Interview with SD8 candidate Solomon

RBC | “I want to help be the voice and the messenger and the representative in the senate for this northwest corner of Colorado,” said two-time Eagle trustee, business owner and longtime Colorado resident Matt Solomon. He’s running for Colorado’s Senate District 8 against Democrat Dylan Roberts.

Solomon cites his array of public service experience, a willingness to learn and desire to “bridge the gap” of political divides as reasons why he is good candidate for office. Having founded international and local businesses, Solomon said his “multiple career paths” would be invaluable. One of Solomon’s businesses included Alpine Arms, a gun shop in Eagle where conversations about state gun legislation eventually led to a foray into politics. “People regularly came to me and asked questions about legislation that was being passed,” he said, including 2013 laws that increased background check requirements, added fees, and aimed to close private sale loopholes of guns in Colorado. Solomon noted the “intent” behind the laws was good, but he said the implementation was negative. Before getting involved in politics directly, Solomon also helped to promote a “white water park” in Eagle. “Through that process and those efforts several people asked me to run for town council,” he said. After two terms in local Eagle government, Solomon is ready to step into state politics.

“Northwest Colorado has not been fully represented,” said Solomon, adding, “I do bring a balanced voice.” Balance and “bridging the gap” came up more than once for the two-time Eagle Town Councilor, businessman, and Colorado resident of 26 years. He also worked as a paramedic and photographer/videographer for certain magazines and publications.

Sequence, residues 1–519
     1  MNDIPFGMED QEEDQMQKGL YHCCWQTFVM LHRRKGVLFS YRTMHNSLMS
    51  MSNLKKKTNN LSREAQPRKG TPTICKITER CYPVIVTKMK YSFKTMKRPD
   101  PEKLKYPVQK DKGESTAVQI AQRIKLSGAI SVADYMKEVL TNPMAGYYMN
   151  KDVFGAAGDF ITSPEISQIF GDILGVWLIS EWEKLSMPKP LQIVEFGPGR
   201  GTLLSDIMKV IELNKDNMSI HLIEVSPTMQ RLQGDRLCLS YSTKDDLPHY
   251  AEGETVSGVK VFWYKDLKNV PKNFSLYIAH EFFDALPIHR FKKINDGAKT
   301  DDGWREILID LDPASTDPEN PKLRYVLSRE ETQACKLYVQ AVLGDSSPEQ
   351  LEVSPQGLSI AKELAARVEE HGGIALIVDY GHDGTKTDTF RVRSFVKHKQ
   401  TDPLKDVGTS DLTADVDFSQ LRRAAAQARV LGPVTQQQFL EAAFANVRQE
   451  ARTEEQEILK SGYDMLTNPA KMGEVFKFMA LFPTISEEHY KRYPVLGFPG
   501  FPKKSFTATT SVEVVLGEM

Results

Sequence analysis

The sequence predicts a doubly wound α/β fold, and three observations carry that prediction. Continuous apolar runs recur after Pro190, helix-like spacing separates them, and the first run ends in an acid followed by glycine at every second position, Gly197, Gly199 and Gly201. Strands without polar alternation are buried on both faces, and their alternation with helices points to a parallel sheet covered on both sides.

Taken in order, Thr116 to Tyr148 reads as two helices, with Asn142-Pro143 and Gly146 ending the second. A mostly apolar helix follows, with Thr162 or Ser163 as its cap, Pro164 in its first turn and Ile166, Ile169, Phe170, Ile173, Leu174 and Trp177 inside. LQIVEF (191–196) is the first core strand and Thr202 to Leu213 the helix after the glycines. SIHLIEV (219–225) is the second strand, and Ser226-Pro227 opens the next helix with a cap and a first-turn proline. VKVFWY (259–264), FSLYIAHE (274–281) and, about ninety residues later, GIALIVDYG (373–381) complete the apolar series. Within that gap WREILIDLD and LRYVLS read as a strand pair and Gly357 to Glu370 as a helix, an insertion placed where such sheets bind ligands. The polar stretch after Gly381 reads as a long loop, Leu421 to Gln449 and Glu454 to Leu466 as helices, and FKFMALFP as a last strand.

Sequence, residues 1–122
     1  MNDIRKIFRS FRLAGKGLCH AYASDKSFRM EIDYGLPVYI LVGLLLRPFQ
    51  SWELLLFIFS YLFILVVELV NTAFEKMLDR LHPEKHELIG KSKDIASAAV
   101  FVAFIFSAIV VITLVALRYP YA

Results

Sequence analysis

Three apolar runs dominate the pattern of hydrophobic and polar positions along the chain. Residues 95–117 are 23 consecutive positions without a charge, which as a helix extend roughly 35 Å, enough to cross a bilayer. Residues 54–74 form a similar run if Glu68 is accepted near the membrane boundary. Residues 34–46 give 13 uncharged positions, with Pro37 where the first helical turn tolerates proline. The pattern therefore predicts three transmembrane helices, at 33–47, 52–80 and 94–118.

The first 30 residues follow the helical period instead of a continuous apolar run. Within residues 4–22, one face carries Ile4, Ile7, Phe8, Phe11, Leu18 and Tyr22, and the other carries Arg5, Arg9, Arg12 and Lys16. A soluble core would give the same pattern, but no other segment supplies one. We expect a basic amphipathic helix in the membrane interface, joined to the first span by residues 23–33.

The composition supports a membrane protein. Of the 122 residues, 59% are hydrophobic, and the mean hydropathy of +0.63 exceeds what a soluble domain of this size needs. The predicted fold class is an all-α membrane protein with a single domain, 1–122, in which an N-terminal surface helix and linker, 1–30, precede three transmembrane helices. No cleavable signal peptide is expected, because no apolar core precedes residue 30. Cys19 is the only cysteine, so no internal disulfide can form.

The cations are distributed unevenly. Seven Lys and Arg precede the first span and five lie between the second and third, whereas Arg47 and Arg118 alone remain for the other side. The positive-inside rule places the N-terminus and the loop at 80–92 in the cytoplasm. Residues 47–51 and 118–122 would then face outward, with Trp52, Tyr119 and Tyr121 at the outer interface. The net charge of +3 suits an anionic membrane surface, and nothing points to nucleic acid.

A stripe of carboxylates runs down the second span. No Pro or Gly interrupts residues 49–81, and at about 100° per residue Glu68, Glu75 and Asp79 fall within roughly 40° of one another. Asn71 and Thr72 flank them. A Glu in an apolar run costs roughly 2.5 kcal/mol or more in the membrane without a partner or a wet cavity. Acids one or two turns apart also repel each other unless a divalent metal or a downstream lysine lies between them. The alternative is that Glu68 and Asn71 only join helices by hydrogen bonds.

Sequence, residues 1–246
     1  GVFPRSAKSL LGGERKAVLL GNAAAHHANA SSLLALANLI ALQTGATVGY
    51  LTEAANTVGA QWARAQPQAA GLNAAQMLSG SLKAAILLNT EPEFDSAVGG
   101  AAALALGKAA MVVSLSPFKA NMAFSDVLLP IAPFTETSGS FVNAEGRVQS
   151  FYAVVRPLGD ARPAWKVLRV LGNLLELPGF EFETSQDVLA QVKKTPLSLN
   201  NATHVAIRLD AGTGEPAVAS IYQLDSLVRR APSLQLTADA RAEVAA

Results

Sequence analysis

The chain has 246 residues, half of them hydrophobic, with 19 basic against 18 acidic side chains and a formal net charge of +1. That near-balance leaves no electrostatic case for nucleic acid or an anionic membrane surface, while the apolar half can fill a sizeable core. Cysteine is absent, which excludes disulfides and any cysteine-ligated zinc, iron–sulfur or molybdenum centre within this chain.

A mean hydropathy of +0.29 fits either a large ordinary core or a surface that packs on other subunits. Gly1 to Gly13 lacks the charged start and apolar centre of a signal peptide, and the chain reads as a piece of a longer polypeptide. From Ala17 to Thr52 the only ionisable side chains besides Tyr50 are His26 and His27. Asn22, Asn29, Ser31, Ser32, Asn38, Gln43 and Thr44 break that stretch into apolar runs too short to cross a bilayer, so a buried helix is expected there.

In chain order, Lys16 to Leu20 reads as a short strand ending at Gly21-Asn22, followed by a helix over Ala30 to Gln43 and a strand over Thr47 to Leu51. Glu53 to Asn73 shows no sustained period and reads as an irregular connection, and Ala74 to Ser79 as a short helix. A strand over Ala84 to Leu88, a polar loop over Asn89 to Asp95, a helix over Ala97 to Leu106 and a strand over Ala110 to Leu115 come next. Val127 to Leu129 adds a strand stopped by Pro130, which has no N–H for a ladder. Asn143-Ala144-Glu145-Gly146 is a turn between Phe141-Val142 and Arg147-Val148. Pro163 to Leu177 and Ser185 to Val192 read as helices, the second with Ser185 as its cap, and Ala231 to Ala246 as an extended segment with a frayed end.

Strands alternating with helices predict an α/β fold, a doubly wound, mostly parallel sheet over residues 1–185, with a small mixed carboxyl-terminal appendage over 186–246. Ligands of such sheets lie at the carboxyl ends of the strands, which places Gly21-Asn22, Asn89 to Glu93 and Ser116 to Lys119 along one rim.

EDUCATION FUNDING

Matt Solomon’s first issue to address when asked was education funding. Thanks to a recession-era budget rule, state legislators can take money from the education fund to balance the budget. Known as “budget stabilization,” the rule has cut off hundreds of millions from Colorado schools since 2008. “Most people are unaware that the funding we’re approving for the schools isn’t making it to the schools, and that’s deceptive, I call it a ‘budget gimmick,’” Solomon said, also criticizing the way funds raised by legal mairjuna sales are distributed to school districts. Referring to the budget stabilization, Solomon stated, “We really need to right that wrong.”

ECONOMY AND PUBLIC SAFETY

“Every other issue rolls up into the economy,” Solomon said, describing how he believes “majority party” policies have driven industries out, raised the cost of living and generally made the streets “less safe.”

In terms of economic solutions for places like Rio Blanco County, Solomon said “we are looking for solutions within the same industries that are there, but also introducing new industries, both [in] energy and manufacturing”

On public safety, Solomon decried 2013-14 gun legislation passed in the state, as well as recent bills which decriminalized possession of certain drugs like fentanyl.

BRIDGING THE GAP

Solomon said he uses the term “bridge the gap” deliberately to contrast the oft-repeated term “reaching across the aisle.” “I don’t want to keep the chasm and the divide there, I want to bridge that,” said Solomon, adding “instead of focusing the conversation on finding the one spot where we disagree and making that the issue, we need to remember, there’s a whole lot of things we do agree on, and we need to have a conversation about the things we disagree on, so we can look out for our youth, and the best interests of our district.”


By LUCAS TURNER | lucas@ht1885.com

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